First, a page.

There are all kinds of activists.
There are the limo activists who swoop into a community when cameras are rolling.
There are the boardroom activists who cut deals behind closed doors.
Then there’s the Rev. Al Sharpton.
Sharpton is the street activist who has sway over the brothers on the corner.
His brand of activism, however, is about to be tested.
An expose by “The Smoking Gun” claims that during the 1980s, Sharpton was an informant for the FBI and that conversations he secretly recorded helped bring down members of the Genovese crime family, according to the website.
Allegedly, Sharpton “flipped” for the FBI when he was caught on tape in a drug sting, according to the website.
Sharpton, an ordained minister and political activist, has denied the “drug sting” accusation but defended his work for the FBI.
Sharpton said he cooperated with the FBI because mobsters had threatened his life over his activism in the music industry.
“In my own mind, I was not an informant,” Sharpton said at a news conference on Tuesday.
“I was cooperating with investigations.”
Sharpton argued that he was never a “rat.”
“Rats are usually people that were with other rats. I was not and am not a rat, because I wasn’t with the rats. I’m a cat. I chased rats,” he said.
Known as “Confidential Informant No. 7,” Sharpton allegedly used a bugged briefcase to record conversations with mobsters, some of whom ended up serving time.
The revelation that Sharpton once worked as an informant isn’t likely to go over well on the streets where many young men already think black leaders have sold black people out.
Frankly, the FBI is probably the most hated law enforcement group in the black community.
During the civil rights movement, the FBI spied on leading civil rights figures, including Rev. Martin Luther King Jr., and used informants to infiltrate civil rights groups and sow dissent among activists.
But now that Sharpton has admitted breaking the No. 1 street code, he should lead the campaign in the black community to erase the stigma attached to cooperating with police.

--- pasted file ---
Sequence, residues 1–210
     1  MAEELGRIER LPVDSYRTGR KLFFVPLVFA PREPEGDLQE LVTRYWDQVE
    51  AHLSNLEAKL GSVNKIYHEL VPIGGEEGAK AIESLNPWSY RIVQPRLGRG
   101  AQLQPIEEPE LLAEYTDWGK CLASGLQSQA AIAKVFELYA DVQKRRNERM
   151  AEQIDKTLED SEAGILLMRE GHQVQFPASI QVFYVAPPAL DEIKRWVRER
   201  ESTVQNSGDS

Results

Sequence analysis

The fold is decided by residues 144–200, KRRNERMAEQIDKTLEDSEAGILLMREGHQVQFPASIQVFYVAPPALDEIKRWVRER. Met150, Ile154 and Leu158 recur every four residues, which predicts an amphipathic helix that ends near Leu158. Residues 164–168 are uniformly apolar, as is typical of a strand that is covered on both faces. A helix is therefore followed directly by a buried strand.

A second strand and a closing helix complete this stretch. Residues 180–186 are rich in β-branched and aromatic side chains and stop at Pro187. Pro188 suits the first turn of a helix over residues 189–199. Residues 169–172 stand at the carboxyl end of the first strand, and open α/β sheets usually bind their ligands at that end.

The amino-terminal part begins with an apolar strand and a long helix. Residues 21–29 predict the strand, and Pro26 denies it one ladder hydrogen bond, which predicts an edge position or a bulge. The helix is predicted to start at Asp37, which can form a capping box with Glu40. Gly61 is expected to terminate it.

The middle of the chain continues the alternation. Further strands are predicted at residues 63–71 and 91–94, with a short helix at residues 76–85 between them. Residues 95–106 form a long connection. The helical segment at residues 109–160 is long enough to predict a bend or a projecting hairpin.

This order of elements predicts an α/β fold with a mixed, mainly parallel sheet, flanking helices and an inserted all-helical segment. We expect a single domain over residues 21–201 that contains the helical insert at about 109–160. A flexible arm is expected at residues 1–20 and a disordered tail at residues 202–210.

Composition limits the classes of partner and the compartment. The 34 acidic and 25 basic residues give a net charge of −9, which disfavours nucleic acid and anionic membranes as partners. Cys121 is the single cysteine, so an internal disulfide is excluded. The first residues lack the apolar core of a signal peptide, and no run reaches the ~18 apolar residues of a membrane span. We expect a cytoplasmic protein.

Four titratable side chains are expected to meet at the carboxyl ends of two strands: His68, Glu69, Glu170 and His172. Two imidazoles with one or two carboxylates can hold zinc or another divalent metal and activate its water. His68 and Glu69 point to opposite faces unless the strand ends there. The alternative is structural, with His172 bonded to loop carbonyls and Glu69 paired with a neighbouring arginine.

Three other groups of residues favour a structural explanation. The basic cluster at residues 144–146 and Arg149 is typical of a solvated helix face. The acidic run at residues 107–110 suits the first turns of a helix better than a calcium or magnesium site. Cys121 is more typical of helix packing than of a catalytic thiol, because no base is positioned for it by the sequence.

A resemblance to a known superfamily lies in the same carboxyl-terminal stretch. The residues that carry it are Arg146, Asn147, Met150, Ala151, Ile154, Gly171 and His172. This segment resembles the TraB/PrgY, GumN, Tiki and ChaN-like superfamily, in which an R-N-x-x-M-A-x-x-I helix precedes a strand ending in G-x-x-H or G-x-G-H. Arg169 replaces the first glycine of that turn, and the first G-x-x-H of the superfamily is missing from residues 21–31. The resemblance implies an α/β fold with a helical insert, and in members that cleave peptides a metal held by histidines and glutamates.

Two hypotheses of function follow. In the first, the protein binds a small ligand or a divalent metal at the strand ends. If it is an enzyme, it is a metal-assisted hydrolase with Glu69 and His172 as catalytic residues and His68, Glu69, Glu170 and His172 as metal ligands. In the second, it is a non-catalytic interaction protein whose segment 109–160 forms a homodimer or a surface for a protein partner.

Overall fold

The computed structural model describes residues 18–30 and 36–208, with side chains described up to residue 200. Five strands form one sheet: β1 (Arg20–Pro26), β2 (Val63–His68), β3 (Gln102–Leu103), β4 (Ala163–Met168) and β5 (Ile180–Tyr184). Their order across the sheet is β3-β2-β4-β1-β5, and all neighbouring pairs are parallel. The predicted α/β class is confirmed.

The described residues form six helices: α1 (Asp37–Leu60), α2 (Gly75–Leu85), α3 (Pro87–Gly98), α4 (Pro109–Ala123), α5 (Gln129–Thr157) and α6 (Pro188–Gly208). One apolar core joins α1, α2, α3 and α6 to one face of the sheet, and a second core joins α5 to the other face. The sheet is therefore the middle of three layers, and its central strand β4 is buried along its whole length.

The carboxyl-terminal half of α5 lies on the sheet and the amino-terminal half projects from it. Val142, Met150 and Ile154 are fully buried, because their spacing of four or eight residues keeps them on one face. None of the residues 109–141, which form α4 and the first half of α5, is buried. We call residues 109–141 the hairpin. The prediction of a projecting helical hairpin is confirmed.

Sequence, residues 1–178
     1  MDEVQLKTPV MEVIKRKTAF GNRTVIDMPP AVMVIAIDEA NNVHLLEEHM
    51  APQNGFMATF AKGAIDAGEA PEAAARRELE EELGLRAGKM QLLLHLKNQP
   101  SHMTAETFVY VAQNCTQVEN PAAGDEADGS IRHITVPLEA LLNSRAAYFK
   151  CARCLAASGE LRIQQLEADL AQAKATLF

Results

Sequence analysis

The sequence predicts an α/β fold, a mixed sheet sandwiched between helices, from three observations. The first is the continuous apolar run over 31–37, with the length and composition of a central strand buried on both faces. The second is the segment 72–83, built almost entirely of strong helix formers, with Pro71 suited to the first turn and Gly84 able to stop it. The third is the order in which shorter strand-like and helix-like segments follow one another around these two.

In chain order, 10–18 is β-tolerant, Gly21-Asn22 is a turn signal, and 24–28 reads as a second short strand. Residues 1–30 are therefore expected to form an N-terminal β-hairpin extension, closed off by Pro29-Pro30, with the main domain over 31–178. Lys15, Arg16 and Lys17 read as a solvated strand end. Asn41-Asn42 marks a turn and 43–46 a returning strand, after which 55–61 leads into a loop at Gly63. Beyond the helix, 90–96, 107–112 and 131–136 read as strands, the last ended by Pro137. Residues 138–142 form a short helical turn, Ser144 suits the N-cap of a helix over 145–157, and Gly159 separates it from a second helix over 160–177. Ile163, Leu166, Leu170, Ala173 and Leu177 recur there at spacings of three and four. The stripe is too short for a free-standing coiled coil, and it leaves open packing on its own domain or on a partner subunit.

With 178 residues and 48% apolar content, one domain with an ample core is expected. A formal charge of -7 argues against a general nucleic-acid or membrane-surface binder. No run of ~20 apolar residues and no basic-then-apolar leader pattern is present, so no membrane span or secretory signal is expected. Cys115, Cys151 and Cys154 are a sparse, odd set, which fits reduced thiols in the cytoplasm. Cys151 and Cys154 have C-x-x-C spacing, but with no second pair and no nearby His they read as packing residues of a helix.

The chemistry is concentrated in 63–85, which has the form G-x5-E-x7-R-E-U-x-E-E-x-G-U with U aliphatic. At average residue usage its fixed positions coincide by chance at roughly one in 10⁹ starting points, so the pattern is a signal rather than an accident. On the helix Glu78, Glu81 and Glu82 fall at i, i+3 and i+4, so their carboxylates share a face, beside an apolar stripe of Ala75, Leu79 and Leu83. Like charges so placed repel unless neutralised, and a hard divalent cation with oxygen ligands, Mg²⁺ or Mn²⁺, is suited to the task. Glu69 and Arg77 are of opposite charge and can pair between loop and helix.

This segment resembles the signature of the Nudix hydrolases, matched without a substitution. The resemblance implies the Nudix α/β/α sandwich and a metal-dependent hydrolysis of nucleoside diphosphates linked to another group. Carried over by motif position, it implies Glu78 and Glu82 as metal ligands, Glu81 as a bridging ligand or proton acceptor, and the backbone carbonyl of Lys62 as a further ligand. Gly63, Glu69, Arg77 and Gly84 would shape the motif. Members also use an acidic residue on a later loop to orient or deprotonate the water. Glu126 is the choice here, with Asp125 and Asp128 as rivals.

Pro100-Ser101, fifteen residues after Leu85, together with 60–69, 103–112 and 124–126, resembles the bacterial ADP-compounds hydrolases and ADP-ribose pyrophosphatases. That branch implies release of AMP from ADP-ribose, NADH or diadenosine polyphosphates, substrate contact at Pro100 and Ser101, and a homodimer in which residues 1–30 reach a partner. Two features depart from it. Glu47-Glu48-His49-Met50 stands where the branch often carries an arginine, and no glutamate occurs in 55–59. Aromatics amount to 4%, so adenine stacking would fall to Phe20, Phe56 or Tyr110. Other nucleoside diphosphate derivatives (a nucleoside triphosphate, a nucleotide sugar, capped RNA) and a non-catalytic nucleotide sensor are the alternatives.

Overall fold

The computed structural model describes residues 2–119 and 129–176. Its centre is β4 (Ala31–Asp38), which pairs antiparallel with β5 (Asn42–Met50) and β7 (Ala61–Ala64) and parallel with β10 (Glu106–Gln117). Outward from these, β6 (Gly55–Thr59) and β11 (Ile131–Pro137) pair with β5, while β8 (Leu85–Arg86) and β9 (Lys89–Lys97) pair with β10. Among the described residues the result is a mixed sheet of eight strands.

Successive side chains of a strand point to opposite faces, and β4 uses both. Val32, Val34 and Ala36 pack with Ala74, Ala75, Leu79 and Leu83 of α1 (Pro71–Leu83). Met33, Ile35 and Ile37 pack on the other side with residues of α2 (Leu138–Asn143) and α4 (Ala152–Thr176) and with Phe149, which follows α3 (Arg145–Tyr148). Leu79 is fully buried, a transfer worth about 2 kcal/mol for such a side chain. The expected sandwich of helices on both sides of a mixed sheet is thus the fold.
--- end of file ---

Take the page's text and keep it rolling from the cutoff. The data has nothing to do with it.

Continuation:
If Sharpton, who was just an upcoming activist back then, could work with the FBI to try to help bring down organized crime figures, there’s no excuse for people hiding behind the “no snitch” code.
Chicagoans like Pamela Montgomery-Bosley deserve better.
Eight years ago, Montgomery-Bosley’s son, Terrell Bosley, was gunned down in the parking lot of the Lights of Zion church on the Far South Side.
A suspect was arrested and prosecuted but was found not guilty at trial.
However, Montgomery-Bosley feels the case was “rushed,” and she is organizing other parents whose children were murdered to put pressure on police to solve these cases.
“Detectives spent more time trying to find out about Terrell’s character, trying to find something wrong, than they did trying to find the killer,” she said.
Of the 415 homicides in 2013, only 126 were solved in that same year. Another 106 murders committed in prior years were also solved in 2013.
Adam Collins, director of the Chicago Police Department’s News Affairs, said the department had an increase in the number of murders that were solved last year due in part to “better partnerships with the communities.”
“One of the most important things we do is to bring closure to victims’ families,” Collins said.
Montgomery-Bosley also believes “people aren’t speaking up.”
“When they do, police don’t handle it properly,” she said.
Yet, as the Sharpton outing shows, police need informants to get the bad guys off the street.
Instead of insisting he isn’t a “rat,” Sharpton should wear the label with pride and encourage the brothers to make that call.
After all, where’s the shame in putting murderers behind bars?